ornate

[awr-neyt]
adjective
1.
elaborately or sumptuously adorned, often excessively or showily so: They bought an ornate Louis XIV sofa.
2.
embellished with rhetoric; florid or high-flown: an ornate style of writing.

Origin:
1375–1425; late Middle English < Latin ornātus well-equipped, adorned, orig. past participle of ornāre to equip; see -ate1

ornately, adverb
ornateness, noun
unornate, adjective
unornately, adverb
unornateness, noun


1. showy, ostentatious; rich, lavish.
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Based on the Random House Dictionary, © Random House, Inc. 2014.
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World English Dictionary
ornate (ɔːˈneɪt)
 
adj
1.  heavily or elaborately decorated
2.  (of style in writing) overembellished; flowery
 
[C15: from Latin ornāre to decorate]
 
or'nately
 
adv
 
or'nateness
 
n

Collins English Dictionary - Complete & Unabridged 10th Edition
2009 © William Collins Sons & Co. Ltd. 1979, 1986 © HarperCollins
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Etymonline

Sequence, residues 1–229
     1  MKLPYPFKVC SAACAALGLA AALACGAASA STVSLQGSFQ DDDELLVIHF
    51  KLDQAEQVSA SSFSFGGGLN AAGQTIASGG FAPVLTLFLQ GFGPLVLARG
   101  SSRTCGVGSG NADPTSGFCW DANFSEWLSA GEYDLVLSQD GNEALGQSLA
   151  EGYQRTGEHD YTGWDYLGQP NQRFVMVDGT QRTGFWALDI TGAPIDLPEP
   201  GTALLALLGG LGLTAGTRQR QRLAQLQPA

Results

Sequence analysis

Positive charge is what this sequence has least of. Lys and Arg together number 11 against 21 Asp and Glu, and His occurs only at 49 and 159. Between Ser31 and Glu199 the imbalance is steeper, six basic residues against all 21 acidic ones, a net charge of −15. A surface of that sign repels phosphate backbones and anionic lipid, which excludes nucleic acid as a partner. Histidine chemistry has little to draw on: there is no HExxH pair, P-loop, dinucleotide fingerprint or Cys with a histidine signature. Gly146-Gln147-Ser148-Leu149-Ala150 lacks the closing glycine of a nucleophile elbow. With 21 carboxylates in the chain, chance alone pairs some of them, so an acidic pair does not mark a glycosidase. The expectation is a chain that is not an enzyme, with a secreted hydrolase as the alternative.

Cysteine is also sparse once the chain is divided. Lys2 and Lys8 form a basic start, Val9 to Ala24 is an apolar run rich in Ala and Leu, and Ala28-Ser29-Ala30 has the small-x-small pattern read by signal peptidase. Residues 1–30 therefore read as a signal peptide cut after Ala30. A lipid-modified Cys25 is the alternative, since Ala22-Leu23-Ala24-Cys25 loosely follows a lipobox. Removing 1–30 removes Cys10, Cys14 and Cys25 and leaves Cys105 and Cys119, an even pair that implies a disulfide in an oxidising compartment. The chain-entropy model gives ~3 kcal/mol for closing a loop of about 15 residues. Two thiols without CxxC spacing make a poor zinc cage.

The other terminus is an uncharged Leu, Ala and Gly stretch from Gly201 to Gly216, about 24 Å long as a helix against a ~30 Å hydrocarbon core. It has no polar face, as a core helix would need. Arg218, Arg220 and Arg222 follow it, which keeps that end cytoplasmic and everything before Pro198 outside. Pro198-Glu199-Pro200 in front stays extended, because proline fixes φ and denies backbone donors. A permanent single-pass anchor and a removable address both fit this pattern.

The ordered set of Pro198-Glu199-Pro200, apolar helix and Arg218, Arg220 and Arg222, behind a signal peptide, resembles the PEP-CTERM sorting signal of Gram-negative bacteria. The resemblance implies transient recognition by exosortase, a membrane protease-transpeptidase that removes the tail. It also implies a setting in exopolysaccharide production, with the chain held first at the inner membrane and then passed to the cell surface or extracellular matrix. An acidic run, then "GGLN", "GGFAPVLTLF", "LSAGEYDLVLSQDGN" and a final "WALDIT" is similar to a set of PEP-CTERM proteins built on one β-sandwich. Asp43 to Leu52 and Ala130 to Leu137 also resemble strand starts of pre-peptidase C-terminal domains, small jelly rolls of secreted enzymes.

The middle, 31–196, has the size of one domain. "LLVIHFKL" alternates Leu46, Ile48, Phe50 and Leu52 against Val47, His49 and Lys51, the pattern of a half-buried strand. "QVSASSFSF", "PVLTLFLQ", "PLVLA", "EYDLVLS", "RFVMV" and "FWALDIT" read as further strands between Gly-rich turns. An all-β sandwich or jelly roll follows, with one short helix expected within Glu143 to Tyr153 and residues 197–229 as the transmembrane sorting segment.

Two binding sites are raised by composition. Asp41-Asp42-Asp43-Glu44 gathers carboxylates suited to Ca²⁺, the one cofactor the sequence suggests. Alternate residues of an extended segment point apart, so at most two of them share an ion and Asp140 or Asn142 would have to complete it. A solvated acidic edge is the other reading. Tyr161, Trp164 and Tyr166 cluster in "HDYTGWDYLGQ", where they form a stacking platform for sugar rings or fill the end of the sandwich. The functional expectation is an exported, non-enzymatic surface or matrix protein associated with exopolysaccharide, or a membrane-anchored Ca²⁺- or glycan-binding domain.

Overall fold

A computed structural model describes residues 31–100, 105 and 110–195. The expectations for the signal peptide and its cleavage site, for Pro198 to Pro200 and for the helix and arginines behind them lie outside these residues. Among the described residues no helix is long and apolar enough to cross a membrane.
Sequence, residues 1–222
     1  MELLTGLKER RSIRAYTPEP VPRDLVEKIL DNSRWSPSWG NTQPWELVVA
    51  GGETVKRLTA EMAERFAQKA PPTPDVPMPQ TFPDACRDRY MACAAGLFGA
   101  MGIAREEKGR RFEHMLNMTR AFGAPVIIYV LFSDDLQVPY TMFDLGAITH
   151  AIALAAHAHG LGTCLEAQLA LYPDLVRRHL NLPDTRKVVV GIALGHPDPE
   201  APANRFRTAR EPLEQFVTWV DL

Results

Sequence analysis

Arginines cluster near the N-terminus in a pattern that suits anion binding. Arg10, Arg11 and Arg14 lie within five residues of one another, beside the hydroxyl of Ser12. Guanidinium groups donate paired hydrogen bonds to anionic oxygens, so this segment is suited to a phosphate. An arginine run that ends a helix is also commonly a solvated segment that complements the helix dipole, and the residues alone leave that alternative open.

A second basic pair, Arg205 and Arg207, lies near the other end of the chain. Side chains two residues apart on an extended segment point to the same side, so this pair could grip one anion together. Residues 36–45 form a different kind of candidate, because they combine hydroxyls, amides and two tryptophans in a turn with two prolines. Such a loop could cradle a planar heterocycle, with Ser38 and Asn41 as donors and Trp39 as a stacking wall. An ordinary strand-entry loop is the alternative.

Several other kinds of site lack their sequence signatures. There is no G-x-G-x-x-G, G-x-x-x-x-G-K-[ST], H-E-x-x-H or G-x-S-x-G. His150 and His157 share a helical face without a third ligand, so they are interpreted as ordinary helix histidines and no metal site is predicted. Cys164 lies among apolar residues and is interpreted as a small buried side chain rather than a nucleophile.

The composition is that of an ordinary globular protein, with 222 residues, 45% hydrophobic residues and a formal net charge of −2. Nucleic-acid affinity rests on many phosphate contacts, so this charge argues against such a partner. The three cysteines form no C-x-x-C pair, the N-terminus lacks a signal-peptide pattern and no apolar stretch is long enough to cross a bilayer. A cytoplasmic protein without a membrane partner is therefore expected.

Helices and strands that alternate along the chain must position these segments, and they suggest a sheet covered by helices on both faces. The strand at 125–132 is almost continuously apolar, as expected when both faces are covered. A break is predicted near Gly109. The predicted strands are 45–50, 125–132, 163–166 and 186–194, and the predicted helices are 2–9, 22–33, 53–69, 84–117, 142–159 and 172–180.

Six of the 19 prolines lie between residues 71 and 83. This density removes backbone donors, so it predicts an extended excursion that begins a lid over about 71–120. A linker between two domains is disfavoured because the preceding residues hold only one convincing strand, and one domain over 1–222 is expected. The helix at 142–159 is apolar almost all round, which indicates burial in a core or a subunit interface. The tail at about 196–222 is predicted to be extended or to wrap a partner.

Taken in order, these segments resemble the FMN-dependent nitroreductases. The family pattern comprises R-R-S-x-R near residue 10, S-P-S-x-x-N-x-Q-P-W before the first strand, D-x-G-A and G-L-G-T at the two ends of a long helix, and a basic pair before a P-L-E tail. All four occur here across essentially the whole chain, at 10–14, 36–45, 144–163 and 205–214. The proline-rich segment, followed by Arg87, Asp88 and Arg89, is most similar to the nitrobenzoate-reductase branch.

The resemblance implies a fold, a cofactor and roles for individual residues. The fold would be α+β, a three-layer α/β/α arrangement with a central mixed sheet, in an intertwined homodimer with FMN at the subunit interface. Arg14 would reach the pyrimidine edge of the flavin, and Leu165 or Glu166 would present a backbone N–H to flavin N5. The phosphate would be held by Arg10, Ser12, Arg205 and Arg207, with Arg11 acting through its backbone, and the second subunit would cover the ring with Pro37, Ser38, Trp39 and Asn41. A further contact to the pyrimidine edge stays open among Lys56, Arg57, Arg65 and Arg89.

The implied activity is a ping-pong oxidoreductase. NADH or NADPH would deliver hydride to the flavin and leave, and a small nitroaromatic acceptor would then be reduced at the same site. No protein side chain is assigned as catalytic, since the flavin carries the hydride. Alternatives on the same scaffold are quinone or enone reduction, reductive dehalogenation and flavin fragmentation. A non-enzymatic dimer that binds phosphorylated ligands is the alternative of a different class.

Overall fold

Word Origin & History

ornate
1420, from L. ornatus "adorned," pp. of ornare "adorn, fit out," from stem of ordo "order" (see order). Earliest ref. is to literary style.
Online Etymology Dictionary, © 2010 Douglas Harper
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Example sentences
Ornately dressed horses rival their riders' splendor.
Females are generally larger than males, but males are more ornately colored,
  ranging from dark green to lime-colored.
Its magnificently decorated houses have painted facades and ornately carved
  gables.
Standing beside her obese and ornately decorated husband, the queen looked tiny
  and fragile.
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